The sacroiliac joint is supported by the largest and strongest ligaments found in the human body2. Ligaments provide stability to a joint stopping the bones from moving too much or far away from each other, resulting in subluxation (partial dislocation) or full dislocation of the joint. In every other joint of the human body, there is at least one muscle that originates on one bone, crosses the joint surface and inserts (attached) to the bone on the other side of the joint. This muscle then acts as a primary mover of the joint, for example, the biceps muscle originates on the shoulder blade (the Coracoid process and the Supraglenoid tubercle7), crosses the elbow and attaches to the radius (the radial tuberosity7) of the forearm. This muscle then acts as a primary mover of the elbow into flexion. There are no muscles that originate on the sacrum that cross the sacro-iliac joint to the ilium, the lumbar spine or the hip that act as a primary mover of the sacrum. The gluteus maximus is shown to attach to the posterior sacro-iliac ligaments and the sacrotuberous ligament8. The long head of the hamstring muscle biceps femoris also attaches to the sacrotuberous ligament. The piriformis muscle also attached to the outer surface of the ilium and onto the posterior sacroiliac ligaments. None of these muscles are primary movers of the sacro-iliac joint, however when these muscles contract, they pull on these ligaments causing an increase in load on the SI joint, compressing the joint surfaces together2,6.

In a nutshell, the controversy regarding the sacroiliac joint can be summed up simply with, does this joint move? The answer to this question is yes, it does move. However, let’s have a look into the biomechanics research conducted to come to this answer. The research shows that this joint moves 0.043mm9 and somewhere between 0.0° and 0.431°9,10,10 depending on the study you read. Thus, while the answer to the question is technically yes, the joint is clearly very stable and capable of less than half a millimeter of movement. The pubic synthesis was found in the same study to have a mean range of motion of 0.03mm.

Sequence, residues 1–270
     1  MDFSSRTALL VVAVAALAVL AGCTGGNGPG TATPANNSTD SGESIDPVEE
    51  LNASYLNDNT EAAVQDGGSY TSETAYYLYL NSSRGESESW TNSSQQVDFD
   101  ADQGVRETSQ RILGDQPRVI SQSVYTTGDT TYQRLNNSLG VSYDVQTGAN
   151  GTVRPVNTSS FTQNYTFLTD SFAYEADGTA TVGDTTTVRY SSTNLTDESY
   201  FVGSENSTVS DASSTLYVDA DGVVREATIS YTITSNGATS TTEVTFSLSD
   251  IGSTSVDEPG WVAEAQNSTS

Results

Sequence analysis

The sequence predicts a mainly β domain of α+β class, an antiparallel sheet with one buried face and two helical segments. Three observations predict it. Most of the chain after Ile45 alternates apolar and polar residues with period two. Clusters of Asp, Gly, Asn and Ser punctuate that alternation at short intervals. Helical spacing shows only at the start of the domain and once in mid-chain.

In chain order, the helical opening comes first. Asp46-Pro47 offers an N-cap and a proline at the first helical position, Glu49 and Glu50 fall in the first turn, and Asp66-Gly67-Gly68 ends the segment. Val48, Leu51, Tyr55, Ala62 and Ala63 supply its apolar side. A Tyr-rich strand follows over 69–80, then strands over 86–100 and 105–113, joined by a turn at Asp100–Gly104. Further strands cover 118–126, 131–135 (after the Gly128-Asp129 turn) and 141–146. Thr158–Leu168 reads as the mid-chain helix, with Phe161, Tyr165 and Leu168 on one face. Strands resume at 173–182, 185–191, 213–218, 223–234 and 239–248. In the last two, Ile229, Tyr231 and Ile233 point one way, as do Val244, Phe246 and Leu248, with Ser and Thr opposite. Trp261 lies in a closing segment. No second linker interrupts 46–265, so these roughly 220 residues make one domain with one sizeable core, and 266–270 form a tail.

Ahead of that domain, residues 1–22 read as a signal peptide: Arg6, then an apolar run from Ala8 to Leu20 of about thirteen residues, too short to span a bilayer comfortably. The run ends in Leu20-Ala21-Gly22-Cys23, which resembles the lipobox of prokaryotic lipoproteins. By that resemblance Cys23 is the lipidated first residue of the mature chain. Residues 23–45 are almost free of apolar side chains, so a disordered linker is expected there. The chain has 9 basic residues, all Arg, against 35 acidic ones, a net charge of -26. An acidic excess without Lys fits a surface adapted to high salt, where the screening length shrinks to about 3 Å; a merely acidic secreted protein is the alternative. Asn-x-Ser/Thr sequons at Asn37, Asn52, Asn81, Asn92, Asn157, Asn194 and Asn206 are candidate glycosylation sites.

Another study by Sturesson et al10 looked into ladies who have had multiple children and performed a 3-D x-ray study of the ladies pelvis during a split legged position called the ‘straddle stride’ position, which puts huge forces through both sides of the sacro-iliac joint and synthesis pubis. They found that these ladies sacroiliac joints moved within a range of 0.1° and 1.3°. In order to see and measure this amount of movement, specialist computer analysis is required. This joint is incredibly stable and is designed to limit mobility. The last point I would like to make on the stability of this joint is that it has been found to have a very high coefficient of friction, meaning it’s like sand paper on the joint surfaces11,12. These researchers found that the joint surfaces of the sacrum and the ilium have roughened edges, which increases fiction between the sacrum and ilium, which reduces the amount of motion.